16. Herranz S, Traves PG, Luque A, Hortelano S. Role of the tumor suppressor ARF in macrophage polarization: Enhancement of the M2 phenotype in ARF-deficient mice. Oncoinmmunol. 2012; 1:1227–1238.
17. Sica A, Allavena P, Mantovani A. Cancer related inflammation: The macrophage connection. Cancer Lett. 2008; 267:204–215.
18. Gibson SL, Dai CY, Lee HW, DePinho RA, Gee MS, Lee WMF, Furth EE, Brensinger C, Enders GH. Inhibition of Colon Tumor Progression and Angiogenesis by the Ink4a/Arf Locus. Cancer Res. 2003; 63:742–746.
19. Ulanet DB, Hanahan D. Loss of p19(Arf) Facilitates the Angiogenic Switch and Tumor Initiation in a Multi-Stage Cancer Model via p53-Dependent and Independent Mechanisms. PLoS One. 2010; 5:e12454.
20. Kawagishi H, Nakamura H, Maruyama M, Mizutani S, Sugimoto K, Takagi M, Sugimoto M. ARF Suppresses Tumor Angiogenesis through Translational Control of VEGFA mRNA. Cancer Res. 2010; 70:4749–4758.
21. Widau RC, Zheng Y, Sung CY, Zelivianskaia A, Roach LE, Bachmeyer KM, Abramova T, Desgardin A, Rosner A, Cunningham JM, Skapek SX. p19(Arf) Represses Platelet-Derived Growth Factor Receptor B by Transcriptional and Posttranscriptional Mechanisms. Mol Cell Biol. 2012; 32:4270–4282.
22. Zerrouqi A, Pyrzynska B, Febbraio M, Brat DJ, Van Meir EG. P14ARF inhibits human glioblastoma-induced angiogenesis by upregulating the expression of TIMP3. J Clin Invest. 2012; 122:1283–1295.
23. Qi JH, Ebrahem Q, Moore N, Murphy G, Claesson-Welsh L, Bond M, Baker A, Anand-Apte B. A novel function for tissue inhibitor of metalloproteinases-3 (TIMP3): inhibition of angiogenesis by blockage of VEGF binding to VEGF receptor-2. Nat Med. 2003; 9:407–415.
24. Spurbeck WW, Ng CYC, Strom TS, Vanin EF, Davidoff AM. Enforced expression of tissue inhibitor of matrix metalloproteinase-3 affects functional capillary morphogenesis and inhibits tumor growth in a murine tumor model. Blood. 2002; 100:3361–3368.
25. Singh RJR, Mason JC, Lidington EA, Edwards DR, Nuttall RK, Khokha R, Knauper V, Murphy G, Gavrilovic J. Cytokine stimulated vascular cell adhesion molecule-1 (VCAM-1) ectodomain release is regulated by TIMP-3. Cardiovasc Res. 2005; 67:39–49.
26. McWhorter FY, Wang T, Nguyen P, Chung T, Liu WF. Modulation of macrophage phenotype by cell shape. Proc Natl Acad Sci USA. 2013; 110:17253–17258.
27. Verreck FAW, de Boer T, Langenberg DML, van der Zanden L, Ottenhoff THM. Phenotypic and functional profiling of human proinflammatory type-1 and anti-inflammatory type-2 macrophages in response to microbial antigens and IFN-g- and CD40L-mediated costimulation. J Leuk Biol. 2006; 79:285–293.
28. Murdoch C, Giannoudis A, Lewis CE. Mechanisms regulating the recruitment of macrophages into hypoxic areas of tumors and other ischemic tissues. Blood. 2004; 104:2224–2234.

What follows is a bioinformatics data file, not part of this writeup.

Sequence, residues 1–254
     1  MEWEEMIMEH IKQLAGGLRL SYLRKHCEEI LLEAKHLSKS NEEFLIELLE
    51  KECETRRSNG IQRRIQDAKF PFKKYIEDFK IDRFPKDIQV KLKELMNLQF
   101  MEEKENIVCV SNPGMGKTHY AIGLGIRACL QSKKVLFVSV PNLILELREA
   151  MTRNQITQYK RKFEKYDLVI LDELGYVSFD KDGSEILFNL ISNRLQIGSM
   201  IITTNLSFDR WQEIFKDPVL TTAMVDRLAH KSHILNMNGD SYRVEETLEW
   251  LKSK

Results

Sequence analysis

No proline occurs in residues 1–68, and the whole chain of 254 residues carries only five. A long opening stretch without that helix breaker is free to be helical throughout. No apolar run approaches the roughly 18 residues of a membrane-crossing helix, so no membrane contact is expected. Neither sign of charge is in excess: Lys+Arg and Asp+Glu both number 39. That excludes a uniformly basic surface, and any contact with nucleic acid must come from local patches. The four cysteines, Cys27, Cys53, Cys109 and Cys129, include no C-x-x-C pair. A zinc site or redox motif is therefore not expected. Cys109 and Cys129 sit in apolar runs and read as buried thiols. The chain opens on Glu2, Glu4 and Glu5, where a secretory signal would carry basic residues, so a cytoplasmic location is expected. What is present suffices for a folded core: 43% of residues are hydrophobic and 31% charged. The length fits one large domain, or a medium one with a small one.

29. Vestweber D. How leukocytes cross the vascular endothelium. Nat Rev Immunol. 2015; 15:692–704.
30. Chen Q, Massagué J: Molecular Pathways: VCAM-1 as a Potential Therapeutic Target in Metastasis. Clin Cancer Res. 2012; 18:5520–5525.
31. Yetil A, Anchang B, Gouw AM, Adam SJ, Zabuawala T, Parameswaran R, van Riggelen J, Plevritis S, Felsher DW. p19ARF is a critical mediator of both cellular senescence and an innate immune response associated with MYC inactivation in mouse model of acute leukemia. Oncotarget. 2015; 6:3563–3577. doi: 10.18632/oncotarget.2969.
32. Murdoch C, Muthana M, Coffelt SB, Lewis CE. The role of myeloid cells in the promotion of tumour angiogenesis. Nat Rev Cancer. 2008; 8:618–631.
33. Bierings R, Beato M, Edel MJ. An Endothelial Cell Genetic Screen Identifies the GTPase Rem2 as a Suppressor of p19ARF Expression That Promotes Endothelial Cell Proliferation and Angiogenesis. J Biol Chem. 2008; 283:4408–4416.
34. Fontanella C, Ongaro E, Bolzonello S, Guardascione M, Fasola G, Aprile G. Clinical advances in the development of novel VEGFR2 inhibitors. Ann Transl Med. 2014; 2:123.
35. Corada M, Mariotti M, Thurston G, Smith K, Kunkel R, Brockhaus M, Lampugnani MG, Martin-Padura I, Stoppacciaro A, Ruco L, McDonald DM, Ward PA, Dejana E. Vascular endothelial-cadherin is an important determinant of microvascular integrity in vivo. Proc Natl Acad Sci USA. 1999; 96:9815–9820.
36. Goumans MJ, Valdimarsdottir G, Itoh S, Rosendahl A, Sideras P, ten Dijke P. Balancing the activation state of the endothelium via two distinct TGF-B type-I receptors. EMBO J. 2002; 21:1743–1753.
37. Rehli M, Krause SW, Andreesen R. Molecular Characterization of the Gene for Human Cartilage gp-39 (CHI3L1), a Member of the Chitinase Protein Family and Marker for Late Stages of Macrophage Differentiation. Genomics. 1997; 43:221–225.
38. Shao R, Hamel K, Petersen L, Cao QJ, Arenas RB, Bigelow C, Bentley B, Yan W. YKL-40, a secreted glycoprotein, promotes tumor angiogenesis. Oncogene. 2009; 28:4456–4468.
39. Francescone RA, Scully S, Faibish M, Taylor SL, Oh D, Moral L, Yan W, Bentley B, Shao R. Role of YKL-40 in the Angiogenesis, Radioresistance, and Progression of Glioblastoma. J Biol Chem. 2011; 286:15332–15343.
40. Faibish M, Francescone R, Bentley B, Yan W, Shao R. A YKL-40-Neutralizing Antibody Blocks Tumor Angiogenesis and Progression: A Potential Therapeutic Agent in Cancers. Mol Cancer Ther. 2011; 10:742–751.
41. Jimenez-Garcia L, Herranz S, Luque A, Hortelano S. Critical role of p38 MAPK in IL-4-induced alternative activation of peritoneal macrophages. Eur.J Immunol. 2014.
42. Solinas G, Schiarea S, Liguori M, Fabbri M, Pesce S, Zammataro L, Pasqualini F, Nebuloni M, Chiabrando C, Mantovani A, Allavena P. Tumor-Conditioned Macrophages Secrete Migration-Stimulating Factor: A New Marker for M2-Polarization, Influencing Tumor Cell Motility. J Immunol. 2010; 185:642–652.
43. Sierra JR, Corso S, Caione L, Cepero V, Conrotto P, Cignetti A, Piacibello W, Kumanogoh A, Kikutani H, Comoglio PM, Tamagnone L, Giordano S. Tumor angiogenesis and progression are enhanced by Sema4D produced by tumor-associated macrophages. J Exp Med. 2008; 205:1673–1685.
All site content, except where otherwise noted, is licensed under a Creative Commons Attribution 3.0 License.